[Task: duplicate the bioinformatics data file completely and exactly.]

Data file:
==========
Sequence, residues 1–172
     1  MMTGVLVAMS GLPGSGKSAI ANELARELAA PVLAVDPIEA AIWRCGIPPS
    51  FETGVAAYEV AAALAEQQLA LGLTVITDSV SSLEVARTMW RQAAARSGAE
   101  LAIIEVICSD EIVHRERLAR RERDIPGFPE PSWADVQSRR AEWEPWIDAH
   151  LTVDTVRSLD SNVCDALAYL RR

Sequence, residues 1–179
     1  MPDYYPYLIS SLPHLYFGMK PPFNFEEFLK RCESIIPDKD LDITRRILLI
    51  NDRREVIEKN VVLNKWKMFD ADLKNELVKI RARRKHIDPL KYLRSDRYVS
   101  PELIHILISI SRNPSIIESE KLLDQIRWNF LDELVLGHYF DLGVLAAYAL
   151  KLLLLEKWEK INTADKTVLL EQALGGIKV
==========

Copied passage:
Sequence, residues 1–172
     1  MMTGVLVAMS GLPGSGKSAI ANELARELAA PVLAVDPIEA AIWRCGIPPS
    51  FETGVAAYEV AAALAEQQLA LGLTVITDSV SSLEVARTMW RQAAARSGAE
   101  LAIIEVICSD EIVHRERLAR RERDIPGFPE PSWADVQSRR AEWEPWIDAH
   151  LTVDTVRSLD SNVCDALAYL RR

Sequence, residues 1–179
     1  MPDYYPYLIS SLPHLYFGMK PPFNFEEFLK RCESIIPDKD LDITRRILLI
    51  NDRREVIEKN VVLNKWKMFD ADLKNELVKI RARRKHIDPL KYLRSDRYVS
   101  PELIHILISI SRNPSIIESE KLLDQIRWNF LDELVLGHYF DLGVLAAYAL
   151  KLLLLEKWEK INTADKTVLL EQALGGIKV